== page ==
China’s Biggest Exchange Amps Up Trading Technology SystemsBloomberg News
Exchange’s speed still modest compared to world’s fastest
Improvements seen focusing on stock market stability
China’s biggest stock market by volume has introduced technology upgrades that bring it closer in line with its international counterparts.
The Shenzhen Stock Exchange now has an order-matching engine with a response time of 1.1 milliseconds, one-hundredth of the previous system, while order processing capacity was tripled to 300,000 trades a second. Accompanying the upgrade is a new data center equipped with 5,000 server cabinets for co-location, allowing brokers to place their servers in the same spot as the exchange’s machines.
The changes reflect the rapid development of China’s equity markets, which were only officially established in 1990. As stock trading around the world moves to being wholly computerized, faster systems are essential, though Shenzhen’s revamp still leaves it well behind its U.S. counterparts. The measures nevertheless help the bourse, especially as it readies for the stock link with Hong Kong.
“It makes sense for Shenzhen to upgrade its systems regularly because its volume is growing rapidly,” said Castor Pang, a Hong Kong-based analyst with Core-Pacific Yamaichi. “Exchanges around the world all update their systems regularly to lower maintenance costs.”
Shenzhen’s market is the biggest in China by trading volume, with average daily turnover of about $50 billion this year. It is preparing for a link with the stock exchange in Hong Kong, which Chinese leaders have said will start in 2016. Having an updated system would help Shenzhen narrow the technological gap with Hong Kong and ensure the link functions more smoothly.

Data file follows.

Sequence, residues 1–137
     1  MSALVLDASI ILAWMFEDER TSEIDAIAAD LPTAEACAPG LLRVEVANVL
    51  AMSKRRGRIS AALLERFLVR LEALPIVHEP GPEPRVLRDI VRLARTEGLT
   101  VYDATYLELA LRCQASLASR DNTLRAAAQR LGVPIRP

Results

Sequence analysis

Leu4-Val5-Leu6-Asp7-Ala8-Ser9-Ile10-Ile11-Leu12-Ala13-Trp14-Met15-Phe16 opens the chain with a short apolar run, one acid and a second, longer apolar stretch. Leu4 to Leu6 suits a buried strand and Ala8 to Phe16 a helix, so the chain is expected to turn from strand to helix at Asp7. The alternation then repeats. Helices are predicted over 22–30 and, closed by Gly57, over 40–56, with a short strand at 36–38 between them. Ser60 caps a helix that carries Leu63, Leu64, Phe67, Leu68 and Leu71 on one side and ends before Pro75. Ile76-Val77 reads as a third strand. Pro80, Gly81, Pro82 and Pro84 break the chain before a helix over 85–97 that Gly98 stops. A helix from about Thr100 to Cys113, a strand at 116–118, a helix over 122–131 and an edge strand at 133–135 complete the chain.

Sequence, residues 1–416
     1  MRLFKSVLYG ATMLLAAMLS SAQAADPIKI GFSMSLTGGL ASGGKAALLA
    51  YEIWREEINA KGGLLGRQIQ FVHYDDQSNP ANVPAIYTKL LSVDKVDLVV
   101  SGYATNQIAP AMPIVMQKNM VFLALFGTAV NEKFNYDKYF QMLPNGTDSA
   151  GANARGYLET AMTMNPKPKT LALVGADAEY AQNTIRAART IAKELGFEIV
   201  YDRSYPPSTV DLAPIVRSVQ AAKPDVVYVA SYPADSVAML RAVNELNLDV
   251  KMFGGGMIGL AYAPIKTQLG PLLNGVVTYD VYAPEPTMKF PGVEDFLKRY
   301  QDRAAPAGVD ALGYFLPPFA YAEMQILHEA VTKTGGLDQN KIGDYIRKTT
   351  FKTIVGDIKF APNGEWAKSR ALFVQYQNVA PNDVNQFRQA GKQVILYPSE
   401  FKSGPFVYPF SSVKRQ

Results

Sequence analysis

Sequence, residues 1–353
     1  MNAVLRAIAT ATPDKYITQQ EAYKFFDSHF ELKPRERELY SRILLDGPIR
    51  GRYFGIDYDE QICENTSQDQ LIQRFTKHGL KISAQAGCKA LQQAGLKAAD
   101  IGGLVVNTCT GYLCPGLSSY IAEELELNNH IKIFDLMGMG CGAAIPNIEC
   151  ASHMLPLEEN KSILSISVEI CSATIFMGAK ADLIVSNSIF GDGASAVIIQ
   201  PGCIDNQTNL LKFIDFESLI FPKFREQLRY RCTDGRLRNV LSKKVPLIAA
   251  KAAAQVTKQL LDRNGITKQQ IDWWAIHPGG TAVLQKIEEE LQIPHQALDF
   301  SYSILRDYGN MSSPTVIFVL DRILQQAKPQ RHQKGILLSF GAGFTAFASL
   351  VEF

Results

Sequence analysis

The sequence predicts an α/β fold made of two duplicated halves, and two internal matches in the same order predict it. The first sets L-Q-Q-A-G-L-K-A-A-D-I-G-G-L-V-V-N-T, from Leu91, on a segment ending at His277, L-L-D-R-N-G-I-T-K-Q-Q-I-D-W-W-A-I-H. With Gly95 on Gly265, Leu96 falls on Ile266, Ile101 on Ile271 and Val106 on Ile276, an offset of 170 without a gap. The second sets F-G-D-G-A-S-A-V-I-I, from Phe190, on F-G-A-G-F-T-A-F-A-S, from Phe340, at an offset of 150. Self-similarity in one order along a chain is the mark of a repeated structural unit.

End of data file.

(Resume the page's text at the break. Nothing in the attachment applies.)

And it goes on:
The bourse also expanded the capacity of its professional market data feed, from six to 10 megabytes a second. The data feed contains both real-time market information and price snapshots that refresh every three seconds, it said in an e-mail. The upgrades were introduced last month.
Slower Than HFT
Shenzhen isn’t the only Asian market embracing speed. Japan’s Osaka Exchange Inc. on Tuesday introduced a trading system that sped up the time it takes to process orders to about 100 microseconds from 2 milliseconds, and dramatically increased the number of orders that can be processed at any one time.
Unlike Japan, where high-frequency trading is an established and substantial part of the market, China’s authorities frown on super-fast trading. While brokers use algorithms to buy and sell stocks, HFT is effectively absent from the stock market.
Many HFT firms have a response time of less than 1 microsecond, one thousandth of the time of the Shenzhen exchange’s upgraded platform, said David Snowdon, chief technology officer at Metamako, which sells financial network technology. The fastest firms have managed to push the response to around 200 nanoseconds, he added. A nanosecond is one thousandth of a microsecond.
China’s relationship with algorithmic trading is in flux. The China Securities Regulatory Commission in October released draft rules proposing that traders using automated orders must report certain information and wait for a review before they’re allowed to execute their strategies. Industry feedback was that the proposals were too stringent, said Natasha Xie, a Shanghai-based partner with Jun He Law Offices. Local media reported in May that the rule was put on hold. The CSRC hasn’t commented on the status of the plan.
Shenzhen’s upgrades are modest compared to the world’s fastest exchanges. In the U.S., both Nasdaq Inc. and Bats Global Markets Inc. have venues with response times below 100 microseconds, around ten times faster than Shenzhen, Raymond Russell, CTO at Corvil, a data analytics company, said in an e-mail.
While the upgrades make Shenzhen’s exchange faster, unlike many of its international peers, the bourse isn’t necessarily trying to lure more customers, said Liang Tao, Shanghai-based strategy consultant at MagicQuant, which makes automated trading software platforms.
“In China, exchanges put market stability before commissions because they are government-owned and money is not their top concern,” said Liang.
— With assistance by Gary Gao